The Department of Homeland Security has taken a first step in its efforts to buy emerging technology from Silicon Valley startups.
DHS this week awarded $200,000 to a Santa Clara-based company called Pulzze Systems, which develops security monitoring for the system of devices, sensors and networks for the Internet of Things.
The award is part of DHS' calculated effort to tap into the cutting-edge private sector technology -- and technology talent -- often provided by startups instead of by the larger and more traditional federal technology contractors.
In April, Homeland Security announced plans to open up its own office in California.
Since then, that office has revealed plans to offer new kinds of contracts, including smaller, multiphase awards between $50,000 and $200,000 to these startups for security technology. These contracts are classified as "Innovation Other Transaction Solicitations" to distinguish them from the traditional procurement vehicles, and "implement faster and streamlined methods and don’t carry all the requirements of procurement contracts," according to a DHS notice.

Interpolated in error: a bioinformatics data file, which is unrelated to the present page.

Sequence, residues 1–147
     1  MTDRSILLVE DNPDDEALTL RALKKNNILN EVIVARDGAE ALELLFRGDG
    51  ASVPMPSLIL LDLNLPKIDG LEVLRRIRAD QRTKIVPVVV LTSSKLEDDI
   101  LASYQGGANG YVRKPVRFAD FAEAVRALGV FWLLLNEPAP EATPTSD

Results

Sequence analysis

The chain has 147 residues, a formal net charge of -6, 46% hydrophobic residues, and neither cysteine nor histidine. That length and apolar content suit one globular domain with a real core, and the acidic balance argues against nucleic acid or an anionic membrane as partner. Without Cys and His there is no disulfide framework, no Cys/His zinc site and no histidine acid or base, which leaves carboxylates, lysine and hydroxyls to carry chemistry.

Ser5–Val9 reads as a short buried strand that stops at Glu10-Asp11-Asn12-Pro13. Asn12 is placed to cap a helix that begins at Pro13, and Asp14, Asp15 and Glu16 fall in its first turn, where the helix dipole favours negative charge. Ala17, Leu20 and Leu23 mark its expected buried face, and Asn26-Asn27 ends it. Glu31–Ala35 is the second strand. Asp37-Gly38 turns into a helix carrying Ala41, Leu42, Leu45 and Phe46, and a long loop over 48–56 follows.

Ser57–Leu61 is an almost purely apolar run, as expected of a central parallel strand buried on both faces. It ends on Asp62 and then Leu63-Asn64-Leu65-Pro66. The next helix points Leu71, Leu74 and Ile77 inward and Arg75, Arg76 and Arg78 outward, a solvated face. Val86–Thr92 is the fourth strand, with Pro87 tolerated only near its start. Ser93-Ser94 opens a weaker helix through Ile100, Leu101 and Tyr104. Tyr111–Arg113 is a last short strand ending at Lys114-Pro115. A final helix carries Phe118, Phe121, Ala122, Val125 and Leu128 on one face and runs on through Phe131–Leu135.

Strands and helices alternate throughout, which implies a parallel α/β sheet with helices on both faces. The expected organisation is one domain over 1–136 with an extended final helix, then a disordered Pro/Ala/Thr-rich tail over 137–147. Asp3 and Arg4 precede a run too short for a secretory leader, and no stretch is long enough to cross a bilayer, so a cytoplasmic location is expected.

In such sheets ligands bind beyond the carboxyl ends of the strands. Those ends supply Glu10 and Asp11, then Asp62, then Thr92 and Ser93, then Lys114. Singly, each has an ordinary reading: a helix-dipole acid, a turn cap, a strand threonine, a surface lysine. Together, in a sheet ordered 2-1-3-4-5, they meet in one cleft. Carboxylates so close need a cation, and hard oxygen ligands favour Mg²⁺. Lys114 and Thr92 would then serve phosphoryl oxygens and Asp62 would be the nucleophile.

“We’re trying to mirror the way Silicon Valley and other innovative investment communities work,” DHS Silicon Valley Office Managing Director Melissa Ho said in a statement. DHS issued the solicitation in December and made the award two months later, “demonstrating our ability to adapt to new ways of doing business,” she said.
This is the first award DHS has made under its “Innovation Other Transaction Solicitation” effort, according to DHS, which had issued a call for applications specifically detailing technology that could protect the Internet of Things.
Homeland Security's Silicon Valley outpost aims "to bridge the gap between the department and the creative thinkers in Silicon Valley,” DHS Undersecretary for Science and Technology Reginald Brothers said in a statement. The first award -- and the quick turnaround leading up to it, "proves DHS can keep pace with the innovation community and is moving in the right direction to become a viable partner," he added.